It creeps in quietly, but can cause quite a ruckus. It arrives at bed time, breakfast time, or anytime. It fills your child’s head with repetitive thoughts that can knock her for a loop. It’s the Worry Monster.
But like all monsters, this one can be slayed. You just need to choose your weapons wisely.
Make Your Worrier A Warrior, available in November at Great Potential Press, is a detailed guide packed with techniques to help your child conquer his or her fears and anxiety.* The author, Daniel Peters, PhD, a psychologist, himself suffered from anxiety as a child, so is uniquely sensitive to a child’s thoughts and feelings. As a child he was a serious worrier and a perfectionist, and is able to describe in clear language what that feels like for a child.
Also, as a parent and psychologist who specializes in the treatment of children, adolescents, and families, (with a special emphasis on gifted children) Dr. Peters also understands the concern and feelings of helplessness a parent has when their child has anxiety. A parent watches her child miss out on important social and educational experiences because of fears . He or she might even struggle with depression and feelings of panic and low-self worth.
Nearly ten percent of adolescents 13-18 have been diagnosed with anxiety related disorders, and many more younger children and adolescents are un-diagnosed and untreated. Make Your Worrier A Warrior offers helpful clinical information in an accessible format so you can understand what your child is experiencing from a psychological view as well as a personal one.
Dr. Peters clearly explains anxiety-related disorders such as General Anxiety Disorder, Obsessive Compulsive Disorder, Social Phobia, Separation Anxiety Disorder, Perfectionism, and others. He shows how anxiety can manifest, and gives detailed descriptions of anxiety-related thoughts, feelings, and behaviors and how they can negatively impact a child’s life.
Very important is the comprehensive list of helpful strategies (interventions) which make this book so useful to parents. The strategies are listed by type: Cognitive (thinking), Mindfulness-based; and Behavioral.Dr. Peters goes into great detail on how a parent can implement them. He even addresses diet, breathing, and physical activity, which we are always happy to see. We believe a whole-person approach is essential to good mental health treatment.
One constant element Dr. Peter’s uses is “the worry monster”, a way of naming and understanding anxiety. Dr. Peters and parents have used it to great success. He gives a detailed plan to “tame” the worry monster and his real-life examples show that children really “get” it.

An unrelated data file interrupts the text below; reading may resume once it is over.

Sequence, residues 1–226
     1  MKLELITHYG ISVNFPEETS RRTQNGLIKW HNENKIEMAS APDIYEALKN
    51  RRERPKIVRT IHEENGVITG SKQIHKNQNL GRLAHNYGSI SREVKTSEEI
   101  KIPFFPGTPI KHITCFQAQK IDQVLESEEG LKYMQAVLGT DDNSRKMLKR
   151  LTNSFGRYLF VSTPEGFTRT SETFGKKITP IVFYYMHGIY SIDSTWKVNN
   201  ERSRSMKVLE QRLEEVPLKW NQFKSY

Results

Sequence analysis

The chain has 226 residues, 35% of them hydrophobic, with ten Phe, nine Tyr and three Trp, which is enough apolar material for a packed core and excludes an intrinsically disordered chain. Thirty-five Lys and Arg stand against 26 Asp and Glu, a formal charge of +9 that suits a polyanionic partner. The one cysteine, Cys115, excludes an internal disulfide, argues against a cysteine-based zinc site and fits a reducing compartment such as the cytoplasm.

For example, Patrick, a ten-year old fifth grader with irrational and worrisome thoughts, has identified an OCD monster. It tells him “…something bad is going to happen. He makes me feel that i have to touch tings and wash my hands or something bad will happen.”
Dr. Peters asks: “How can you change your thinking? What can you tell the Worry and OCD Monsters so they don’t trick you?”
Patrick would tell himself: “The Monster doesn’t have magic powers. My team is stronger and more powerful than he is. He’s just a bully and a coward.”
Dr. Peters mentions that this book could also be titled A Parent’s Toolbox For Raising Resilient Kids. Indeed throughout the book, and in a section called Promoting Resilience, he does just that. We found that virtually most parents and children could benefit from many of the strategies in this book, because underlying all is the belief that given the proper tools, we can control our thoughts and cultivate healthy emotions. A powerful message in a timely book.
*Although this book is for parents who want to help their children’s anxiety, we were pleasantly surprised to find that many, if not most, of the strategies could be used by adults. In fact, positive self-talk, breathing techniques, letting thoughts pass, fake it to make it, and so on can be used by anyone to help with fears, anxiety, and worries.
You can pre-order Make Your Worrier A Warrior at Amazon.com.
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Last reviewed: 2 Oct 2013